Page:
The First Progress Platinum Select Card exchange rate is Mastercard’s exchange rate on the date you make a purchase, plus any foreign transaction fees. While Mastercard exchange rates change daily, the First Progress Platinum Select Card foreign fee is always 3% of the transaction in U.S. dollars.
It’s best to use a credit card with no foreign transaction fee when making purchases from international merchants. As long as you have such a card and avoid dynamic currency conversion, the exchange rates you’ll pay on international spending with a credit card will be much lower than those you’d get from converting cash with banks, credit unions, or airport currency exchange services.
First Progress Platinum Select Mastercard® Secured Credit Card
There’s a different Mastercard exchange rate between the U.S. dollar and approximately 150 other currencies, and they all fluctuate from day to day. You can easily see what exchange rate your transaction will have by going to Mastercard’s exchange rate calculator.
It’s very simple to use. All you have to do is put in the date, currency of the merchant, transaction amount, … read full answerforeign transaction fee (if applicable) and United States Dollar (USD) as your card’s currency. Then click “calculate,” and you’ll see the amount you’re paying in USD at the bottom right. The exchange rate will be to the left of that.
Let’s take a look at some of today’s exchange rates for popular travel spots. These rates are current as of 06/06/18 but are subject to change as time goes on.
Popular Mastercard exchange rates:
Euro: 1 EUR = 1.17 USD
Bahamian Dollar: 1 BHD = 1 USD
Canadian Dollar: 1 CAD = 0.77 USD
Great British Pound: 1 GBP = 1.34 USD
Mexican Peso: 1 MXN = 0.05 USD
Chinese Yuan Renminbi: 1CNY = 0.16 USD
Japanese Yen: 1 JPY = 0.01 USD
Russian Ruble: 1 RUB = 0.02 USD
Credit cards are actually the cheapest way to convert currency. But you may still be subject to a foreign transaction fee, which is an extra charge when you buy from a foreign merchant. While all Mastercards offer the same exchange rates, only some of them charge foreign transaction fees.
Taking the following credit-card precautions will help you save money and avoid unnecessary hassle while using your credit card abroad.
Get a no foreign transaction fee credit card. Do this before booking flights, hotels, etc. Foreign transaction fees will be assessed on any purchase made through a foreign merchant, even before you leave the U.S.… read full answer
Call your credit card company. Most credit card companies require you to notify them of international travel plans. If you don’t, your account may be suspended due to suspicions of fraud. Capital One and American Express are the only major issuers that automatically detect when you’re traveling.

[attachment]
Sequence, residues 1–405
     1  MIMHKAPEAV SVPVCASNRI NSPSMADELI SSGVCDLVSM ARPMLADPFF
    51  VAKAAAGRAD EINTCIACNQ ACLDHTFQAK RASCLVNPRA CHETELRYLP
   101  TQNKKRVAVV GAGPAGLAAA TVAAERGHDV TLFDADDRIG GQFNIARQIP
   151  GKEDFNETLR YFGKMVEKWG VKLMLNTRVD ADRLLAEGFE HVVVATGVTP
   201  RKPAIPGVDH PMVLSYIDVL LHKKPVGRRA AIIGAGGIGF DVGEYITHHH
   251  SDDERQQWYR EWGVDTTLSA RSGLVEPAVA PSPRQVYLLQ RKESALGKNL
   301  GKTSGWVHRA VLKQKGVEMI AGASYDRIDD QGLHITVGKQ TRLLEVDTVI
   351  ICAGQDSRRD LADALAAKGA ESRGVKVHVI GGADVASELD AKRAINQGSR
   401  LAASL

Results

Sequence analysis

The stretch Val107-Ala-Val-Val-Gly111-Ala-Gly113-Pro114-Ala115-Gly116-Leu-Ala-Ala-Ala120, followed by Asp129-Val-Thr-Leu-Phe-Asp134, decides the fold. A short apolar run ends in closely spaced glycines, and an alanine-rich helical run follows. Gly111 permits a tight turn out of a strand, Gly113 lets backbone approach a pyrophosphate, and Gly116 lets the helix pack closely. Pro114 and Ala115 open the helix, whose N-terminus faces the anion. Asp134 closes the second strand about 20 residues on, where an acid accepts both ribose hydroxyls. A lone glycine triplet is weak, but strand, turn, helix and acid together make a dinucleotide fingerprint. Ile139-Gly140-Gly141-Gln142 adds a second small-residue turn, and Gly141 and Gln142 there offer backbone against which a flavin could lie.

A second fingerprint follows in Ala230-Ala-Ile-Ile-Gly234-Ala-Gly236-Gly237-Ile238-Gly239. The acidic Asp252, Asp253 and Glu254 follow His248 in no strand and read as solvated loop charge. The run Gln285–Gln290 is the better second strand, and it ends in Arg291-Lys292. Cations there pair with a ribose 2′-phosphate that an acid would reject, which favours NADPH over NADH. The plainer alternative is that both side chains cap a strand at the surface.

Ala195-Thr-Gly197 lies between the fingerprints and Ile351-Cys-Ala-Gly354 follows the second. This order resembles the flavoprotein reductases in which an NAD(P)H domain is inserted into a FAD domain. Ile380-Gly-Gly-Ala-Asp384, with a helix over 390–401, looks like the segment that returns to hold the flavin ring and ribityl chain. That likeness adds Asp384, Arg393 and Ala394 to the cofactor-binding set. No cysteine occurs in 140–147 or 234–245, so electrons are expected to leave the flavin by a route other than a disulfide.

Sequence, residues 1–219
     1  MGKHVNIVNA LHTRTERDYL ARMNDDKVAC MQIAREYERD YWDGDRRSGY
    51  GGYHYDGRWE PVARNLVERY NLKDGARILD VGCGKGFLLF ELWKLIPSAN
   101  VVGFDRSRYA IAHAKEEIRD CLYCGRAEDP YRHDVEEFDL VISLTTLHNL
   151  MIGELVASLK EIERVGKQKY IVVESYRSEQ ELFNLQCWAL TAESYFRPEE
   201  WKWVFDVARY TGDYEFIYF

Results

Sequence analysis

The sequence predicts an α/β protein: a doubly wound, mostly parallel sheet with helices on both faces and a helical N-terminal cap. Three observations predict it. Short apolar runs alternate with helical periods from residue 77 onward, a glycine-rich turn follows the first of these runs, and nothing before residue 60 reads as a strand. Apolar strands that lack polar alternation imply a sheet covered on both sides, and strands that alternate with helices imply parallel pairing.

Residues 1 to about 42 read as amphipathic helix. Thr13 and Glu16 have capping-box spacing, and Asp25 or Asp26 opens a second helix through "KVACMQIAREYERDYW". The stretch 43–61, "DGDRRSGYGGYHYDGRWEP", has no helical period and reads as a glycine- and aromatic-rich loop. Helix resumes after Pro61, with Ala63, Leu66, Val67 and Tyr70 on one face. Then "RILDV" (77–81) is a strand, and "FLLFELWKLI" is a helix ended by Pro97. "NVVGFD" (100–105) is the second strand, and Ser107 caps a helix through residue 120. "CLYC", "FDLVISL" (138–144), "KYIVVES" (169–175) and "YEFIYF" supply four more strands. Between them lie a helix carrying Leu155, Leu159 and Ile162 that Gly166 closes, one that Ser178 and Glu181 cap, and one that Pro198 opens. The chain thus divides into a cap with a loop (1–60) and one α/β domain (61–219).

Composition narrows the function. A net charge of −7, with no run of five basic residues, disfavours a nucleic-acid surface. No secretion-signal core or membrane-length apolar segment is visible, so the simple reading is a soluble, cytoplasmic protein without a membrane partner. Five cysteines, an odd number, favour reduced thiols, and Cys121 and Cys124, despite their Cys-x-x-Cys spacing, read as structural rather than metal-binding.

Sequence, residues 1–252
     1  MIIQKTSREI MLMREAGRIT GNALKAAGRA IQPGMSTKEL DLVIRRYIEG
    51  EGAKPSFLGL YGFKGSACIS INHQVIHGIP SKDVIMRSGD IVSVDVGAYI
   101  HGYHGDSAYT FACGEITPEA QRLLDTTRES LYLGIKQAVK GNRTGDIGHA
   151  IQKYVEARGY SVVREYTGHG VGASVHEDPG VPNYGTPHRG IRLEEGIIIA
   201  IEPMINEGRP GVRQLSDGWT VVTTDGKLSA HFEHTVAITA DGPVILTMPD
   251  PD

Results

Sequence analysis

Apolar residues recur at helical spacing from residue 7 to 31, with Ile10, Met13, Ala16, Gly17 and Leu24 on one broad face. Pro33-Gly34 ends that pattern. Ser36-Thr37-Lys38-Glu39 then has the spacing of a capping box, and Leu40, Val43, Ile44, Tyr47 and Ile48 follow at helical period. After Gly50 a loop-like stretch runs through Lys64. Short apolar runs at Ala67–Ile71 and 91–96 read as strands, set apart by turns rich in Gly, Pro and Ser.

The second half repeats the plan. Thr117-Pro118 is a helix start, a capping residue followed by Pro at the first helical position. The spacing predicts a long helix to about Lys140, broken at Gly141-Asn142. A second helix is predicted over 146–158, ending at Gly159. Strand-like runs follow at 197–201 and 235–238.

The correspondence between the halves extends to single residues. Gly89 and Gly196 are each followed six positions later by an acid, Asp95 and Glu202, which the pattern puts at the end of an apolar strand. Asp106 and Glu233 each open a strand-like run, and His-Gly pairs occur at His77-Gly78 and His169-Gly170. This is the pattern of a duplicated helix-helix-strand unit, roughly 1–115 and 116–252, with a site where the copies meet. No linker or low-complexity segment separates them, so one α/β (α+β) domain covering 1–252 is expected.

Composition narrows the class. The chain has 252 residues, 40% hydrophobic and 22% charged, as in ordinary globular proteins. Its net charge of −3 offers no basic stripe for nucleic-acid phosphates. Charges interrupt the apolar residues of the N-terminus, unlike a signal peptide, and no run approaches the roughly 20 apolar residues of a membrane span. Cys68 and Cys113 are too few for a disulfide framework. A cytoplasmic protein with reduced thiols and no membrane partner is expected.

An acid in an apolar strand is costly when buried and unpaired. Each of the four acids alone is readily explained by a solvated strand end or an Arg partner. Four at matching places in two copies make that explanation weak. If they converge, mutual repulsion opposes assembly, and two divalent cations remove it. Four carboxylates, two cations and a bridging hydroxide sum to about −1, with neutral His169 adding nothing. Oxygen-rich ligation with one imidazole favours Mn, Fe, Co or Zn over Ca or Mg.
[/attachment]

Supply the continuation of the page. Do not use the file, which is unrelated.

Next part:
Know your info. Write down your account number as well as your credit card company’s phone number, and keep this information somewhere safe (not in your wallet). If your card gets lost or stolen, you’ll need both to get a replacement.
Don’t forget your ID. Some countries may require identification to authorize a U.S. credit card transaction. So don’t forget your passport when you go shopping abroad.
Pay in the local currency. Decline any merchant’s offer to convert prices into U.S. dollars. This could be a trick known as dynamic currency conversion, which merchants often use to assess high exchange rates and line their pockets.
Yes, using a credit card internationally is the best way to go about paying for things when you’re abroad. It’s safer because you don’t have to carry as much cash, and all major credit card companies offer $0 fraud liability guarantees. Using a credit card internationally also gets you the … read full answerbest currency exchange rates, and it’s a great opportunity to earn rewards.
Here are some tips for using a credit card internationally:
Full protection from unauthorized charges: Credit cards allow you to minimize the amount of cash you carry abroad and provide the opportunity to earn rewards. They also come with $0 fraud liability.
Avoid foreign transaction fees: Many credit cards come with foreign transaction fees when you buy from internationally-based merchants. These fees are typically 1%-3% of the purchase amount. If you go abroad, you should get a card with no foreign transaction fee.
Set travel alerts: Many credit card companies ask that you set a “travel alert” before leaving the country. It’s not mandatory. But if you don’t, they might suspect that international purchases are fraud and suspend your spending privileges until you notify them otherwise.
Wider acceptance and more protection with chip cards: You’ll have a smoother experience using a credit card internationally if it’s a “chip” card. Many unmanned payment terminals abroad will not take cards that have only a magnetic stripe. And merchants may even give you a hard time if your card doesn’t have a chip.
Refuse Dynamic Currency Conversion: Choose to pay in the local currency. Merchants may offer to let you pay in U.S. dollars, a practice known as Dynamic Currency Conversion. But it’s often an excuse to use an unfair exchange rate (often as much as 7% higher) and overcharge you.
Avoid cash advances: Credit card cash advances allow you to get cash from your card’s credit line. However, cash advances are subject to hefty fees and interest rates that accrue immediately, with no grace period. So it’s best to avoid them outside of emergency use.
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